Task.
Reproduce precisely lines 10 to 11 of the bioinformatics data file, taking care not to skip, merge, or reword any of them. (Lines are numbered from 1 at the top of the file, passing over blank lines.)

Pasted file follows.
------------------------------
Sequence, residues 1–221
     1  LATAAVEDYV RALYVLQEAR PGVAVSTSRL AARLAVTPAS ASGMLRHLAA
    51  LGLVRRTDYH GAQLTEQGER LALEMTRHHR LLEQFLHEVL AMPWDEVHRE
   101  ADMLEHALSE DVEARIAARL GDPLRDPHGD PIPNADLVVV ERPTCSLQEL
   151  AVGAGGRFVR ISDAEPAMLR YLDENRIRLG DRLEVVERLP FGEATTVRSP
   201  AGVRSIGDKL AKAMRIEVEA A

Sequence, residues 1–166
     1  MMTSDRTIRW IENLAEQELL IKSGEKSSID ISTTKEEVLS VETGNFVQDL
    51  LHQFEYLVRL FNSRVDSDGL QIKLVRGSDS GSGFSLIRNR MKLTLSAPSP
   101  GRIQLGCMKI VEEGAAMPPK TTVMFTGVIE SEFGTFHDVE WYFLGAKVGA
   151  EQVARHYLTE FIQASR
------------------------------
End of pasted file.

   101  GRIQLGCMKI VEEGAAMPPK TTVMFTGVIE SEFGTFHDVE WYFLGAKVGA
   151  EQVARHYLTE FIQASR